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How a bear in the sky turns maple leaves red


According to Greek myth, a bear with an unusually long tail lives in the sky. This happened when Zeus grabbed a bear by its stumpy tail and lassoed the bear into the sky, stretching its tail and turning the bear into the constellation Ursa Major.

The most recognizable part of Ursa Major is the star pattern known as the Big Dipper. You might imagine the four stars in the dipper’s bowl as the bear’s hindquarters and the three stars in the dipper’s handle as the bear’s long tail.

A Micmac story also features a bear in the sky. But in this story the three stars in the Big Dipper’s handle aren’t the bear’s tail. Instead, they are three hunters pursuing the bear.

The hunters are all birds. The handle star closest to the bowl is Robin, the marksman. The middle star in the handle is Chickadee, the cook. If you look closely, you may spot a fainter star nearby. That’s Chickadee’s cooking pot, tucked under his wing. Moose Bird lags behind the others, as the tip of the dipper’s handle.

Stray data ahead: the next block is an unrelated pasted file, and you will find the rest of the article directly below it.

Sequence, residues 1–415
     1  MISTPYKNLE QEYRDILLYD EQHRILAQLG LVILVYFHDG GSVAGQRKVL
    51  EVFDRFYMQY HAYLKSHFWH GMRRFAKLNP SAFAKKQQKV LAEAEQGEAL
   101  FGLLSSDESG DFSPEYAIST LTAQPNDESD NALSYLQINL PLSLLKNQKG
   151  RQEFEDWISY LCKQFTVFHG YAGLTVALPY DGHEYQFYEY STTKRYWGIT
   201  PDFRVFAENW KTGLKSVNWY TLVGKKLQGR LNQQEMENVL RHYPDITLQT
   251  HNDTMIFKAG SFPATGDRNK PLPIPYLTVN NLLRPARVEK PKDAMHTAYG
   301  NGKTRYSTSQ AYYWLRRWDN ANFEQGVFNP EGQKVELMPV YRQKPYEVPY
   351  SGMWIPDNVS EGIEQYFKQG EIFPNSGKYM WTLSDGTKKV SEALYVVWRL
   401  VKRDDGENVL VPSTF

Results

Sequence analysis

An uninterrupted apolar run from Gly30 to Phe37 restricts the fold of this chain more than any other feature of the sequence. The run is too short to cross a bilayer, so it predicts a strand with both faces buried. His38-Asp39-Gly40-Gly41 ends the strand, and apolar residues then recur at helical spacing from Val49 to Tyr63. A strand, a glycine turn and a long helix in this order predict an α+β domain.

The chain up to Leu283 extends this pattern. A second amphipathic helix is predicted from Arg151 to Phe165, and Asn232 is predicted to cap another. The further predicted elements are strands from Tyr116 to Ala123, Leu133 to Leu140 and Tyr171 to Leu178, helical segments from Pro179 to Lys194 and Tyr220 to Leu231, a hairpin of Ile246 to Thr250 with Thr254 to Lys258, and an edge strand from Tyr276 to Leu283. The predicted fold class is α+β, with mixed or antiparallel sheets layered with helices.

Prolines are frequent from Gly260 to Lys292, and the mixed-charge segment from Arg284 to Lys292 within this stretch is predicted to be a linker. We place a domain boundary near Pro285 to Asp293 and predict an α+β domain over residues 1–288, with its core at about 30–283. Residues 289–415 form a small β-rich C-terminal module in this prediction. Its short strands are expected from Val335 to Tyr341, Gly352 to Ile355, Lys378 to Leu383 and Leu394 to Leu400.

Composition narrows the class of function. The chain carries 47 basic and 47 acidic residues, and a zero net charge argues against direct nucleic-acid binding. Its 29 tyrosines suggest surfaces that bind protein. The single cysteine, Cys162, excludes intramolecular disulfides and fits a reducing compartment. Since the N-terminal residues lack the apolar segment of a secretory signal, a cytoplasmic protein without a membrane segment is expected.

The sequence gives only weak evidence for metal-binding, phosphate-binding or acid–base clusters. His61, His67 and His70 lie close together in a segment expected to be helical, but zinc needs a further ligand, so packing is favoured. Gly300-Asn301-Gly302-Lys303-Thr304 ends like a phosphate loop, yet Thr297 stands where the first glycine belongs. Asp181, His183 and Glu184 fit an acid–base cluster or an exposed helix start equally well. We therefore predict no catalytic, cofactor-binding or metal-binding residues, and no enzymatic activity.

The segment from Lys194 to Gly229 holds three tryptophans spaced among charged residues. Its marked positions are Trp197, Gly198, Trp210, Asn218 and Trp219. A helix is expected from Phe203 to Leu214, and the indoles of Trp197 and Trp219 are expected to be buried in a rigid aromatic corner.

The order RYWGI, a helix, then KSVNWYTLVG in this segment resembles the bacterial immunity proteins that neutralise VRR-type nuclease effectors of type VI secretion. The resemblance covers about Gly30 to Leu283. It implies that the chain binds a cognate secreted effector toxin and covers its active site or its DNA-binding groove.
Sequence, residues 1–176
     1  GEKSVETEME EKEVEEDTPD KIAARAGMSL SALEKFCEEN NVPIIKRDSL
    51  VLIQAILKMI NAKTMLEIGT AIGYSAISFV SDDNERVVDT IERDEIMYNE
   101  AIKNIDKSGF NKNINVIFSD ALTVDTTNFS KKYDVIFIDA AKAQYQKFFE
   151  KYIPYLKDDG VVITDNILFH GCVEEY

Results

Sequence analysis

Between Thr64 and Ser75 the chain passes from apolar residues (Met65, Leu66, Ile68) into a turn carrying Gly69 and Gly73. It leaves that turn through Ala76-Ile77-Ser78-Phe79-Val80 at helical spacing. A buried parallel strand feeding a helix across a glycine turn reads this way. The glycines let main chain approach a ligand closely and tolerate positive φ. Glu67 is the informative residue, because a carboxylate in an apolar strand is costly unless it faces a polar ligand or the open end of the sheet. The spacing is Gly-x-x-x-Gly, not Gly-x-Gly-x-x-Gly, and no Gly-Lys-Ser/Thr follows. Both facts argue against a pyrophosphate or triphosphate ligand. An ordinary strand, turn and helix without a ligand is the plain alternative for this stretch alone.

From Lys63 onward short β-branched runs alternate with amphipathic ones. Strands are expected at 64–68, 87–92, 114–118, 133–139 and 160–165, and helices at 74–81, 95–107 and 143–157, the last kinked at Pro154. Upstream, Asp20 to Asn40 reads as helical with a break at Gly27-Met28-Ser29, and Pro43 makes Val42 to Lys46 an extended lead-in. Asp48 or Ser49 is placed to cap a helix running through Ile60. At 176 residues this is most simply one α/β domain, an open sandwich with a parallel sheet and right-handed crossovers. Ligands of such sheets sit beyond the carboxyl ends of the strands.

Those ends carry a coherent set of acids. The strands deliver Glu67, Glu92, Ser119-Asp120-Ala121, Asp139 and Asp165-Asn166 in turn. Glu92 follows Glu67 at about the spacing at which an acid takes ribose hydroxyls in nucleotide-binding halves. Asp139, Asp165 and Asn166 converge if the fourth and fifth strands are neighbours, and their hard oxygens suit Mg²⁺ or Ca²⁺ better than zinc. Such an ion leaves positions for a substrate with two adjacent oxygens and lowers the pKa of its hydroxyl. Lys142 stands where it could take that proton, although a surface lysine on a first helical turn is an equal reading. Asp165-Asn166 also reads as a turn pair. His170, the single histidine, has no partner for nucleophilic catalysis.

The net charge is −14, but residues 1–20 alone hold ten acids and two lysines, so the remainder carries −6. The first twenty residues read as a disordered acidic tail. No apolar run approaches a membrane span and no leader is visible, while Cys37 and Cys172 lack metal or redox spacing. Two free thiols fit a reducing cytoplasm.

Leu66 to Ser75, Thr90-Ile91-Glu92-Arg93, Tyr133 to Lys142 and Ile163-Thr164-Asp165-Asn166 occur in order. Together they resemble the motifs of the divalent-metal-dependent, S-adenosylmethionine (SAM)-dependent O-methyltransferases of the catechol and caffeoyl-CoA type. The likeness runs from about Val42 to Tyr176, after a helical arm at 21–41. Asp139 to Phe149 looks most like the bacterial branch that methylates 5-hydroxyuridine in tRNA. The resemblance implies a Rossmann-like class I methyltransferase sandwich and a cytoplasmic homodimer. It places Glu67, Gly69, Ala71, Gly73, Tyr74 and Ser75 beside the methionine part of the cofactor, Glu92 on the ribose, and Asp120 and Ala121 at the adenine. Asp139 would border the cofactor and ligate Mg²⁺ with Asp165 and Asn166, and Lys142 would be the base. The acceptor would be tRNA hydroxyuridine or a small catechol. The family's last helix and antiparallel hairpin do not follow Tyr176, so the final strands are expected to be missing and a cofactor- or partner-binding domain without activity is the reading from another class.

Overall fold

Their hunt lasts from spring until fall. In the fall, the hunters’ arrows pierce the skin of the bear, and the blood of the bear falls to the ground and colors the leaves of autumn.

And that, say the Micmac, is why maple trees turn red in the fall.

To hear stories like this under the stars, please join us at Jordan Lake for one of our free monthly skywatching sessions (weather permitting). In addition to views through telescopes, we provide guided sky tours that usually include cultural star stories. Although you won’t see an actual bear in the sky – with or without a long tail – you can always imagine one.


Note: Longer versions of the Micmac story can be found in books such as They Dance in the Sky by Jean Guard Monroe and Ray A. Williamson, and Stars of the First People by Dorcas S. Miller. Versions of the story of Ursa Major’s long tail can be found in many places, including the book The New Patterns in the Sky by Julius D. W. Staal.

Image credit: Stellarium